Emilia sonchifolia

lilac tasselflower


Emilia sonchifolia

(L.) DC. 1834

pronounced: ih-MEE-lee-uh son-kee-FOH-lee-uh

(Asteraceae — the daisy family)


common names: lilac tasselflower, emilia, Cupid's shaving brush, Flora's paintbrush

I have not been able to determine the derivation of Emilia; sonchifolia is a mixture of Greek and Latin, σονχος (sonchos), the sow-thistle, and folium, a leaf.

This is a plant of disturbed sites, old fields, roadsides, and the edges of lawns. Its origin was Asiatic, but it is now a pan-tropical weed.

It is an annual herb that can grow to about 80 cm, but is usually much less, erect or sometimes straggling. It is more-or-less glaucous, with the stem striate. The stem is weak, branched, and hairless to sparsely hairy.
The leaves are green, and found mainly on the stems. The lower leaves have narrowly-winged petioles and fine blunt teeth or deep, rounded, pinnate lobes and are larger, and broadly triangular, rounded, or ovate. The upper leaves clasp the stems and are smaller, sessile, and sometimes coarsely toothed.

The heads are in slender corymbs or rarely solitary, 4–5 mm in diameter. They are narrowly urn-shaped to bell-shaped. There are no ray florets, and the disk florets are purple or lilac, or rarely orange-purple.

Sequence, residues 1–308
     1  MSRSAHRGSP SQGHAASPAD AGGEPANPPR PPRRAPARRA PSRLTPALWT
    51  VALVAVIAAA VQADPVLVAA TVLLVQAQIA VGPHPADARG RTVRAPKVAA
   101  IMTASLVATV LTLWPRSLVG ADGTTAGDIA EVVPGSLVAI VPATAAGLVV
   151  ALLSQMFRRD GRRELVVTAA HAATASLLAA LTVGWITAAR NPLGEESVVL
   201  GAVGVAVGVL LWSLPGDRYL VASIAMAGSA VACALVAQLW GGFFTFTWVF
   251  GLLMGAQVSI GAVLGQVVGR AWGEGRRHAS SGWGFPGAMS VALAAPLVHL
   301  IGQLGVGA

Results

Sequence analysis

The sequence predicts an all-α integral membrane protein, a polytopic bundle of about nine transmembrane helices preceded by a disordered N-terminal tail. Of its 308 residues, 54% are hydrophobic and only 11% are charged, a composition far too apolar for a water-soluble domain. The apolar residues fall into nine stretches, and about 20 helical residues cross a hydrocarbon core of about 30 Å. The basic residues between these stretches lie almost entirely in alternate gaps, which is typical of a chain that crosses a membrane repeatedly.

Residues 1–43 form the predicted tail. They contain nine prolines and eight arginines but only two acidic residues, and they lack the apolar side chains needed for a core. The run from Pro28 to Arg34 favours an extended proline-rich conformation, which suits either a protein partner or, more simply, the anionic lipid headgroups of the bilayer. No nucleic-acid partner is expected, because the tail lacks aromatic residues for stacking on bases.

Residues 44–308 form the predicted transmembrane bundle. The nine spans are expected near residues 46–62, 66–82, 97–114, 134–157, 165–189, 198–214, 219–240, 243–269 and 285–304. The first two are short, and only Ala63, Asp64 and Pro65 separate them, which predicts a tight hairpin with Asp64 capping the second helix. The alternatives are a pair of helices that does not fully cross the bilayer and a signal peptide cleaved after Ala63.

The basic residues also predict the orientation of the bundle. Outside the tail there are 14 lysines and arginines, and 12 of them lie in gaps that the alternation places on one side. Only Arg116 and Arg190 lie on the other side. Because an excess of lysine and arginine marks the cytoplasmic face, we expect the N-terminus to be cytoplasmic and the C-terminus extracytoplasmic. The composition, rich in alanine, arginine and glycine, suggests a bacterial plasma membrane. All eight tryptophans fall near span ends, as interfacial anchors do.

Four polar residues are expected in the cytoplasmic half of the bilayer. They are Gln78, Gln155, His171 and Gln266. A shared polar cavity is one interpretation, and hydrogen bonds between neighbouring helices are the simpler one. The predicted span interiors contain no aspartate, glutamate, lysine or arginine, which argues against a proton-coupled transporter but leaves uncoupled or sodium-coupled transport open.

The fruits are oblong, containing many seeds; these are long, flattened, with a pappus of soft white bristles for wind dispersal.

It is a medicinal herb in Chinese medicine, known as ye xia hong. In Siddha and Ayurvedic medicines it is known as muyalchevi. It is reckoned to provide excellent remedies for eye, ear and throat complaints, and is antiseptic, anti-diarrhoeal, expels parasitic intestinal worms, and reduces fever. The whole plant is taken fresh and crushed well, the juice is extracted and used for the treatment of worms. The paste of the plant is given, usually with buttermilk, for bleeding piles. A decoction of the whole plant is used for fever.

The young leaves – those before the plant flowers – are in some places eaten as a vegetable, either raw or cooked.

This is a good butterfly nectar plant, and the larvae of the moth Nyctemera baulus have been found feeding on it.


Information about medicinal qualities of plants, or about their use as medicines, is for interest only, and is not intended to be used as a guide for the treatment of medical conditions.


Photographs taken in Picnic Bay 2009, 2012
Page last updated 18th December 2018